Common Core: An Open Letter to Governor Bryant


Governor Bryant:

Recently, I was disheartened to see that you have announced your intentions to withdraw Mississippi from the Common Core State Standards, and, in effect, pull the rug out from under Mississippi’s schools.  This would be a terrible decision for our students, our teachers, and the economy of our state.  Please consider carefully the impact that your words and actions have on Mississippi education.

As a Mississippi teacher, I have worked extremely hard to implement Common Core.  My colleagues have worked hard.  My administrators have worked hard. My students have worked hard.  It hasn’t always been something we’re excited about doing, but raising standards is tough work, and in the end, knowing that my students will benefit from higher expectations, a focus on more rigorous thinking, and better classroom lessons, is well worth it to me.

Detractors will balk at the notion that common standards can make for better instruction, but here’s how Common Core will help my Mississippi students experience better classroom lessons:

Step 1. Sharing standards with other states means great teachers across the country will be teaching the same standards I will.

Step 2. We will all teach it differently.  And that’s GREAT!  Every teacher has her own style, her own way of reaching her kids.  With Common Core, all that matters is that I teach the kids to meet the standards, NOT that I fit a certain lesson plan. I can do it my way.

Step 3. The end-of-year assessments occur.  This is a good thing.  It lets me, the parents, the students, and the taxpayers know that these Mississippi kids are acquiring the skills they’re supposed to acquire. We can discuss how the “Test” should or should not look, but that is a DIFFERENT DISCUSSION.  This one is just about the Common Core Standards.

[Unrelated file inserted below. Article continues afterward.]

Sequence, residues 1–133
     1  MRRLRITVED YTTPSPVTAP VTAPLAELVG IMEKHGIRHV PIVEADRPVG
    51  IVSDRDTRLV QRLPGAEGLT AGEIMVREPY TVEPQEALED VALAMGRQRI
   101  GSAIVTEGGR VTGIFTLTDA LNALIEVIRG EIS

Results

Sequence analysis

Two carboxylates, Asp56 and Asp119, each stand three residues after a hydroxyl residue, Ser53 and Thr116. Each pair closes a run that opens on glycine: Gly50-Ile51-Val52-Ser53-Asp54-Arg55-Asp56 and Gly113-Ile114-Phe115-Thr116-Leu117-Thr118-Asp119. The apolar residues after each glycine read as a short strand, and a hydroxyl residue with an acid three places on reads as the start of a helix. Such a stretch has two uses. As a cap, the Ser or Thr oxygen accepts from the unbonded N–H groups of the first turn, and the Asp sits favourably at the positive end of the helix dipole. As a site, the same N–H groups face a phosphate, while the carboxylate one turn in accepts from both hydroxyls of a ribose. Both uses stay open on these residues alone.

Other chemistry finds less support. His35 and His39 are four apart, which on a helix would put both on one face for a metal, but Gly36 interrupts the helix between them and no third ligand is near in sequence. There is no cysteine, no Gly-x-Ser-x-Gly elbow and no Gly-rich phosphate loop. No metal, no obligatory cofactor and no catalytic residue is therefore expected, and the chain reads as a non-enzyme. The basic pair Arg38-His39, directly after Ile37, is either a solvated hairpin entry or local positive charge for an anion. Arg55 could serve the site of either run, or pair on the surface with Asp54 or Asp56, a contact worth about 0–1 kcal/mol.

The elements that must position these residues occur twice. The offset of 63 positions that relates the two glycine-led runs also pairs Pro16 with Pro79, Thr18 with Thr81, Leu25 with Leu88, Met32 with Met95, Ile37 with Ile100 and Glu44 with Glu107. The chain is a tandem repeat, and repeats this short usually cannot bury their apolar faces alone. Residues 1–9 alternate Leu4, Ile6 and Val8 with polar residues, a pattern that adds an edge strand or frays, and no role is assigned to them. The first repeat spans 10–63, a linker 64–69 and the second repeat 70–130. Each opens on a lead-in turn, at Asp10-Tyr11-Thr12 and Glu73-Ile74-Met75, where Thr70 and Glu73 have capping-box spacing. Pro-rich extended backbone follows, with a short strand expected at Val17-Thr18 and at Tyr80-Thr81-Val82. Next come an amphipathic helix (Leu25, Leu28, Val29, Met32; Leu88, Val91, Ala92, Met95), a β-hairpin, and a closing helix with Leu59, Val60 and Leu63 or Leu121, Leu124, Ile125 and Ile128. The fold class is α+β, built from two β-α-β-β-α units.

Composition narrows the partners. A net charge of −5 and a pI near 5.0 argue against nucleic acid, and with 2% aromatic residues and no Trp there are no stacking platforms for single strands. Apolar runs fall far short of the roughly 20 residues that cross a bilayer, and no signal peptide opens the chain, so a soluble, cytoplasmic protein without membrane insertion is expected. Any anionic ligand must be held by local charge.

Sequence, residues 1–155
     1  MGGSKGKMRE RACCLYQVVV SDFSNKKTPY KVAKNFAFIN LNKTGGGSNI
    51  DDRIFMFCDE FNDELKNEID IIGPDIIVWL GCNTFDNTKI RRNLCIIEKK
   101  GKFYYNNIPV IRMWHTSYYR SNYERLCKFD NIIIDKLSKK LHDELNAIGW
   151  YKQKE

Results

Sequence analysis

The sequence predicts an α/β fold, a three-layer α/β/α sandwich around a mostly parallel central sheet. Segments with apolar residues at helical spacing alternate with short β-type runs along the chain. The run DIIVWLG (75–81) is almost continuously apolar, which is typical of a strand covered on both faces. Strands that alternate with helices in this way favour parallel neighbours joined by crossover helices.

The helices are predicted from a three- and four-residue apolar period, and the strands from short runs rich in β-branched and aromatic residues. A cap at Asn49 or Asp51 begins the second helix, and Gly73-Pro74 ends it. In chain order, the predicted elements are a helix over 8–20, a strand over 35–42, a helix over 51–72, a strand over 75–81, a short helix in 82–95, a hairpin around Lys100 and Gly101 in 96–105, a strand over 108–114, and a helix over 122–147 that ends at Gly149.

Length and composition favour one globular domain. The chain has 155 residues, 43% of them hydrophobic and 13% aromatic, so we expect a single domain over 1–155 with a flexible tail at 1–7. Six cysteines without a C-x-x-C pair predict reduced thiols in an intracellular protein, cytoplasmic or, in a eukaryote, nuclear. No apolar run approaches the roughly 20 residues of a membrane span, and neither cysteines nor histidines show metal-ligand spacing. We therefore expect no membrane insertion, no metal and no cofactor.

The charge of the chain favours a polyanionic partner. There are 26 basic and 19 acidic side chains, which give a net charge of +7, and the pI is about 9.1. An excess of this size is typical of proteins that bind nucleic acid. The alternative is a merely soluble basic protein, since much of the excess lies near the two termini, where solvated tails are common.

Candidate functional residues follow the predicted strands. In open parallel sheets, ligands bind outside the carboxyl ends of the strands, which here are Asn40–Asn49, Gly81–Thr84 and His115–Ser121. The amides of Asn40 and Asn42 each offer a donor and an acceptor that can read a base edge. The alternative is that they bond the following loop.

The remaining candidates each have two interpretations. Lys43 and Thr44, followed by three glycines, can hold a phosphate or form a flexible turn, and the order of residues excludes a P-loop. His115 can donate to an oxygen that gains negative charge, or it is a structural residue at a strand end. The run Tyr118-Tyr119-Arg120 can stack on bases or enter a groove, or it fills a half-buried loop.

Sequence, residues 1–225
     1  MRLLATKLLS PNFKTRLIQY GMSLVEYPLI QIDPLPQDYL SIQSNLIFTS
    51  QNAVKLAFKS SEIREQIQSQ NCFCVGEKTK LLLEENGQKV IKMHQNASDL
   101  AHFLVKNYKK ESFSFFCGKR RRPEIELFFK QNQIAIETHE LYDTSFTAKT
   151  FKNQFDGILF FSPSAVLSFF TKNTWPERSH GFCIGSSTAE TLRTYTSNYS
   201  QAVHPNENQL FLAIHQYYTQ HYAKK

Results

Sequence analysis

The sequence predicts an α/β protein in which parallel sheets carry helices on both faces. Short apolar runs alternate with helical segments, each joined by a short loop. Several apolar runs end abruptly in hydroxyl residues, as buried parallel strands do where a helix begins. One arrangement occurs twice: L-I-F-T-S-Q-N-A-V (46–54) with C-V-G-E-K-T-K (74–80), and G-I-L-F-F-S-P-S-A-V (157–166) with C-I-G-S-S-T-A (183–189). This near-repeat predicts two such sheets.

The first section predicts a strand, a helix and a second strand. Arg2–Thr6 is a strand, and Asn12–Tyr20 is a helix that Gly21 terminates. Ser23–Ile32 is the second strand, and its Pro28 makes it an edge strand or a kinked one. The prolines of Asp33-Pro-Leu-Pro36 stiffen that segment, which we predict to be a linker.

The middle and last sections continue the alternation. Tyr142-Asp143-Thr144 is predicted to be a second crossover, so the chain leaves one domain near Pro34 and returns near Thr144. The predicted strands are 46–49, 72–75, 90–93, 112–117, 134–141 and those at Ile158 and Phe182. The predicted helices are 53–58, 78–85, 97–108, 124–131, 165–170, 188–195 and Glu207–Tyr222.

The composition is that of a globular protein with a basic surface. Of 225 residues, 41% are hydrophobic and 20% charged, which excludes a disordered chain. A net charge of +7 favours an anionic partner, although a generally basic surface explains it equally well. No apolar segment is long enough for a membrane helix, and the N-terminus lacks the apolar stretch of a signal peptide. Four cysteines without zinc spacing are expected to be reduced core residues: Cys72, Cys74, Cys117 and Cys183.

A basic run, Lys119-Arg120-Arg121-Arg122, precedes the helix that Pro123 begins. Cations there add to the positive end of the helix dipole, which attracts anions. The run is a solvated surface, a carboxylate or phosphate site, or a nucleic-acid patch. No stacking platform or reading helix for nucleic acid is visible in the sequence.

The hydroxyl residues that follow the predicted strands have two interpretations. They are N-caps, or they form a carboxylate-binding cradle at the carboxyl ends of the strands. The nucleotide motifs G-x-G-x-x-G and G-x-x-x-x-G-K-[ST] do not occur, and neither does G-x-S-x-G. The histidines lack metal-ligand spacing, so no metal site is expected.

Step 4. Looking at the assessment data, let’s say I notice that my students tend to struggle in a certain area.  Something I do doesn’t help my Mississippi students as much as it could. Here’s where Common Core delivers its real silver bullet- its secret weapon, and what’s great is that it’s not even part of the official “program.”

Step 5. I use the Internet and other technology to access a HUGE wealth of resources that will help me change my instruction to really make sure my students get better.  Before, when I taught the Mississippi Curriculum (and the only teachers in the world who did were Mississippi teachers), I might find a cool lesson idea from a teacher in Meridian, or learn a new way to teach something from someone in Gulfport. Now, there is help from every corner of America, from regular, down home teachers just like me. What’s more, if you’re jealous of other states kicking our tails in test score rankings every year, why wouldn’t you want me making contact with those Massachusetts and Connecticut teachers, and finding out how they teach the same stuff I’m teaching?  This impact is huge, and it has the potential to change lives, from the Delta to the Coast. Common Core lets Mississippi use technology to improve education.

You said that you “think Common Core is a failed program.” Out of curiosity, on what measurement are you basing this assertion?  As you are no doubt aware, Common Core has not yet been fully implemented. Most school districts in our state have yet to teach one single year completely aligned to the Common Core State Standards.  We have yet to administer a statewide PARCC Assessment that can supply us with even baseline data as to how our students are handling the rigorous standards, much less actionable feedback from comparisons of growth.

Finally, you said, “Governors all across America are realizing states can do it better,” implying that your stance is to give more control of our education standards to Mississippian educators. Since your stance ignores the advice of both our State Superintendent of Education, and the Chairman of the State Board of Education, as a taxpayer and a hard working teacher (and a voter!), I can only assume that you have a much better solution ready to roll out.  I’m curious as to what that solution is. Surely in your efforts to shore up political support using a hot button issue, you aren’t suggesting that we merely return to business-as-usual.  I’m hard pressed to find any politicians who believe Mississippi students were doing just fine before Common Core.  You guys are quick to shout out that oh- the teachers are working hard, but the kids deserve better.

And you’d be right on both counts, Mr. Bryant. So tell us!  What’s your plan?

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